Gov. Andrew M. Cuomo and New York City Mayor Bill de Blasio launched an initiative Thursday offering financial incentives and employment protections to local health care workers who travel to West Africa to aid in the fight against the Ebola virus there.
"We happen to be one of the places where a lot of the great medical talent resides, and so it is incumbent on New York State and New York City to play a leading role in recruiting and supporting the medical professionals going over there," de Blasio said at an unrelated news conference Thursday in Manhattan. "We have to remember: The best way to solve this problem is at the root cause."
The mayor has been critical of the treatment of Kaci Hickox, a nurse who returned from Guinea and tested negative for Ebola but was quarantined in an isolation tent at University Hospital in Newark until New Jersey Gov. Chris Christie permitted her to return to her home in Maine.
De Blasio has called her a hero and said she was disrespected, but he has been careful not to slam Cuomo and Christie's policy of quarantining asymptomatic health care workers who arrived through Kennedy and Newark Liberty airports.
"We are on the same page," de Blasio insisted of his office and Cuomo's office. "We appreciate the state guidelines. We will now align with those guidelines."
Their incentive program would be modeled after the benefits and rights provided to military reservists allowing them to transition more seamlessly to civilian life after their service, Cuomo and de Blasio said in a joint announcement. The officials did not immediately detail how much would be offered to workers who travel to Liberia, Sierra Leone or Guinea, the three countries battling an Ebola epidemic.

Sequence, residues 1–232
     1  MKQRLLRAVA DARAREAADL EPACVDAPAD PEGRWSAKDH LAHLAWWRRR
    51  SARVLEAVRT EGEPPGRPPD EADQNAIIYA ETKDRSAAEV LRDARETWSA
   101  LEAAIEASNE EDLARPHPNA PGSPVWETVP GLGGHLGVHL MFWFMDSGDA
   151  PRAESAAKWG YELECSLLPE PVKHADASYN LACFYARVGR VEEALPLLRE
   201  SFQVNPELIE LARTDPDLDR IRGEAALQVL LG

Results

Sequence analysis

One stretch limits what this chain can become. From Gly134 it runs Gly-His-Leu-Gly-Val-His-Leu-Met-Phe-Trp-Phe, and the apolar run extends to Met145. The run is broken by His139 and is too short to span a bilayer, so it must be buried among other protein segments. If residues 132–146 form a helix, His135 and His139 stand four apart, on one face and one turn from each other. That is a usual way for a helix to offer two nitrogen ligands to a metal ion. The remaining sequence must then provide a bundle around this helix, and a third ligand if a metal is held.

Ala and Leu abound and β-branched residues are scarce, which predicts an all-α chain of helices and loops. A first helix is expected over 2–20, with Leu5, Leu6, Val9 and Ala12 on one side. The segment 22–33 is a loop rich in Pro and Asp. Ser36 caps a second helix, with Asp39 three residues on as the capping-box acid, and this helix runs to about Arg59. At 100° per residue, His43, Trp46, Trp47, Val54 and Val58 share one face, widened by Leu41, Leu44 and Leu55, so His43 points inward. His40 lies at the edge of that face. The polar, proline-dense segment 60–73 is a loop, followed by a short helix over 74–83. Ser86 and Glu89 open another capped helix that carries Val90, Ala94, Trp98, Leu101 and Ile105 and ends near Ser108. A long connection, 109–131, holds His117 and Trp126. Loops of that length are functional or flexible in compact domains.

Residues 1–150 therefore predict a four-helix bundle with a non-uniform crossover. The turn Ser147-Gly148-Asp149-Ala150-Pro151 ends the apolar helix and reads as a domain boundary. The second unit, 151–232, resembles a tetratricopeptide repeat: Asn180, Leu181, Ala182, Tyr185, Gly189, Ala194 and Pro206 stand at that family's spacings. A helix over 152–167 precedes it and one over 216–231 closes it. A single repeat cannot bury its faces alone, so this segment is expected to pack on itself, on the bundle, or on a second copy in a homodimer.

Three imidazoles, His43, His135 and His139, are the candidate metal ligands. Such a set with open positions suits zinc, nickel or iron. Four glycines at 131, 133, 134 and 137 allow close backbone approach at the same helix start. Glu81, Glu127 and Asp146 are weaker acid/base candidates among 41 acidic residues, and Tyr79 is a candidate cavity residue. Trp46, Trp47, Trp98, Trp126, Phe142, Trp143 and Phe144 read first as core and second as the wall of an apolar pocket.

"We believe that public health in West Africa and the public health in New York are interconnected and both must be addressed," Cuomo said in a statement.
In a separate announcement Thursday, Cuomo said two hospitals in Erie County and Buffalo had been designated for the treatment of Ebola patients, bringing the state's total to 10 health care facilities. New York City has five hospitals ready to care for Ebola patients, including Bellevue Hospital Center, where Ebola-infected Manhattan doctor Craig Spencer is in serious but stable condition, de Blasio said Thursday.
Meanwhile, the 5-year-old Bronx boy who tested negative for Ebola at Bellevue was released Thursday after being treated for a respiratory illness, according to officials with the city Health and Hospitals Corporation and health department. He, his mother and a sibling will be "actively monitored" by the city because they recently returned from Guinea, officials said.
Cuomo had joined Christie in imposing a 21-day quarantine -- at home for those travelers who have come from West Africa but show no symptoms of infection.
Their policy has been criticized by Hickox and national health experts as not based on science. Cuomo acknowledged his policy went further than the guidelines issued by the federal Centers for Disease Control and Prevention.
De Blasio spokeswoman Marti Adams on Thursday said New York City is currently monitoring 117 people who have not displayed Ebola symptoms, doing so as a precaution and according to CDC guidelines. State or local health authorities establish regular communications with the individuals, rather than relying on them to self-monitor or report symptoms.
Most of the people are travelers who have arrived in the city from the three West African countries since Oct. 11. Others are Bellevue hospital staff, FDNY, EMS and lab workers who have treated, transported or tested Spencer.
Spencer's fiancee and two friends, all under quarantine at their homes but permitted to receive visitors, according to the state's policy, are also on the city's "active monitoring" list.